Hyderabad: Critically acclaimed journalist Rana Ayyub on Wednesday said that somebody claiming to be herself has been writing to security experts and international correspondents at multiple publications for sensitive information from different email addresses.
This is the second time a well known anti-establishment journalist has come under online phishing attacks. Earlier in January, former NDTV journalist Nidhi Razdan tweeted that she had been the target of a “very serious phishing attack” and had learnt that what she believed was an offer to teach at Harvard University was fake. Nidhi Razdan had quit NDTV last year after a 21-year stint to take up the offer.
Rana Ayyub Tweeted on Wednesday, “Somebody claiming to be ‘Rana Ayyyb, India correspondent of Washington Post’ has been writing to security experts and international correspondents at multiple publications for sensitive information from multiple email ids.”
Rana Ayyub is a well known and critically acclaimed journalist and global opinion writer at multiple international publications. She is famous for her expose of the culprits of the 2002 Gujarat riots while she was working Tehelka magazine.
In the Tweet, Ayyub stated that some journalists ended up sharing sensitive information, especially contact details with this imposter in good faith.
“The Washington Post has been informed and I would request anyone receiving such mails to please alert me at the earliest,” she stated. This is the second time a well known anti-establishment journalist has come under online fishing attackls.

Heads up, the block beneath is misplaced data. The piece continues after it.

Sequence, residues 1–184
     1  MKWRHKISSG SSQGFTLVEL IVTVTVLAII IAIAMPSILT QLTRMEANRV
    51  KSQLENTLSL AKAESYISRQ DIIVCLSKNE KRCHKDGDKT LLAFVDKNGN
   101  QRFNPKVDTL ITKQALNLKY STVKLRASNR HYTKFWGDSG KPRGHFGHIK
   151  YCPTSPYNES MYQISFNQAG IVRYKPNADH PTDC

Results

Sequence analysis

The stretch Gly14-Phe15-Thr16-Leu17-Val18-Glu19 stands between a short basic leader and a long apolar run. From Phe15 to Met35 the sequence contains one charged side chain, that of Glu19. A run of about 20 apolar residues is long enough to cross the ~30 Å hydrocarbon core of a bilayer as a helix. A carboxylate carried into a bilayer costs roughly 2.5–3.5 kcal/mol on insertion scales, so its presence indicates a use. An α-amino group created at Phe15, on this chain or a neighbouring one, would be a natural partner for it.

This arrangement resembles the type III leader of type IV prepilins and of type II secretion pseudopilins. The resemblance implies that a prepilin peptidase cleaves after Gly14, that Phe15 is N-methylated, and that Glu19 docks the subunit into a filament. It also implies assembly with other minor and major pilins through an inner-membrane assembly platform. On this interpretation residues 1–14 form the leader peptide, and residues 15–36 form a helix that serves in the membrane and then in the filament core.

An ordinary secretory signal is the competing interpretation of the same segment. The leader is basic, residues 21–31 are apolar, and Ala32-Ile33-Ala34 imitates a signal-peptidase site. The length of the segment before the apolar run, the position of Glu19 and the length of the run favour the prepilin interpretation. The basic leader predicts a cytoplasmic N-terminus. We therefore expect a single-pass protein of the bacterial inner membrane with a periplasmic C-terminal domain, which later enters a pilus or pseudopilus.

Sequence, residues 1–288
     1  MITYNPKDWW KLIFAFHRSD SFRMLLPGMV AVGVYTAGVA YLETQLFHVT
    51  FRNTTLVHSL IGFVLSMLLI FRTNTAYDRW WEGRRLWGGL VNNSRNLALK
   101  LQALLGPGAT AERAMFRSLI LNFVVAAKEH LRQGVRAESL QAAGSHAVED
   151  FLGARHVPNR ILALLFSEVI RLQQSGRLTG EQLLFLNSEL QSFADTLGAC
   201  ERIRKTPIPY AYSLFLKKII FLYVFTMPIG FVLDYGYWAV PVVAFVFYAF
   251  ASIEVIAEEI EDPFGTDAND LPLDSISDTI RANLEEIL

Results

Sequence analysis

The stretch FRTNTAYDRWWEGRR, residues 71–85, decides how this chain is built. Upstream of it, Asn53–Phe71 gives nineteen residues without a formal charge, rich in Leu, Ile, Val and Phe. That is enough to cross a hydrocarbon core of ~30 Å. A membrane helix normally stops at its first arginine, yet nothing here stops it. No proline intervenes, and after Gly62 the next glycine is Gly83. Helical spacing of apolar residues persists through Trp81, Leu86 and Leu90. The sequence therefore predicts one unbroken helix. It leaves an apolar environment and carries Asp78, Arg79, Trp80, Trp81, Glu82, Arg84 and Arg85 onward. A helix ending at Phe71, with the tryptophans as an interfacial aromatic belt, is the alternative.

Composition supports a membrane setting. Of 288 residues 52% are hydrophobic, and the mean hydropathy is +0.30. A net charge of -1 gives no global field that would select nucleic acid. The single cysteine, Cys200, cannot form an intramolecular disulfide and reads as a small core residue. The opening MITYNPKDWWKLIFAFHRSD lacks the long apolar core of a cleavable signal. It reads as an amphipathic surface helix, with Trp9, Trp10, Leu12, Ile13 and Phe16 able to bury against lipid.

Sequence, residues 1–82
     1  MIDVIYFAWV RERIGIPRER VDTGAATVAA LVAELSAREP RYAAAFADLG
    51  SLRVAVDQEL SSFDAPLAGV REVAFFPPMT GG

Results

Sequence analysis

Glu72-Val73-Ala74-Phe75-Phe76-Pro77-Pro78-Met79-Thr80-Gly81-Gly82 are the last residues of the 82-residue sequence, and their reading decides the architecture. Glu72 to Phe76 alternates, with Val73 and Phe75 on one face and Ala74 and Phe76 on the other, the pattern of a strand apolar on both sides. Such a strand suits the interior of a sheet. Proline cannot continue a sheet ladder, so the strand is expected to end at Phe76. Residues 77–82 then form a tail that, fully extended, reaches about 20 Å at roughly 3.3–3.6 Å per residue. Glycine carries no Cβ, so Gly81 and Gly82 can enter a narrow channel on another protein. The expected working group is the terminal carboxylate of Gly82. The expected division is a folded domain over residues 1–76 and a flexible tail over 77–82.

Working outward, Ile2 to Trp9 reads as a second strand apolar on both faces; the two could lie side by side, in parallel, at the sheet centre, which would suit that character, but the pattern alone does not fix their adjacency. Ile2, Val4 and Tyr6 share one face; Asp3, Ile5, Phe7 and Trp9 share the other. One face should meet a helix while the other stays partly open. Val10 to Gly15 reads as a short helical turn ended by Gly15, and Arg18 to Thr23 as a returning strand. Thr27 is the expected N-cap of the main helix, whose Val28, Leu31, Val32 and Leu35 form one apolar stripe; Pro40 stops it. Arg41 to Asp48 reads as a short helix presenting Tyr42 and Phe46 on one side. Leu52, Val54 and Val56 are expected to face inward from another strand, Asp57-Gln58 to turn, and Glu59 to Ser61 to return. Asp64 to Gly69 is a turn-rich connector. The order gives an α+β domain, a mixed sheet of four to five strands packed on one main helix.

Earlier former NDTV journalist Nidhi Razdan tweeted on January 15, that she had been the target of a “very serious phishing attack” and had learnt that what she believed was an offer to teach at Harvard University was fake. Nidhi Razdan had quit NDTV last year after a 21-year stint to take up the offer.
In her statement on Twitter earlier, Razdan said she had been given to believe that she would be joining Harvard in September but while she was preparing for her new job, she was told because of the pandemic, classes would begin in January.
She said she sensed something amiss in the delays and noted what she called “administrative anomalies” in the process described to her.
“At first, I had dismissed these anomalies as being reflective of the new normal being dictated by the pandemic, but recently the representations being made to me were of an even more disquieting nature. As a result, I reached out to senior authorities at Harvard University for clarity. Upon their request, I shared some of the correspondence that I believed I had received from the University,” Razdan had said.
“After hearing from the University, I have now learnt that I have been the victim of a sophisticated and coordinated phishing attack. I did not, in fact, receive an offer by Harvard University to join their faculty as an Associate Professor of Journalism. The perpetrators of this attack used clever forgeries and misrepresentations to obtain access to my personal data and communications and may have also gained access to my devices and my email/social media accounts,” she added.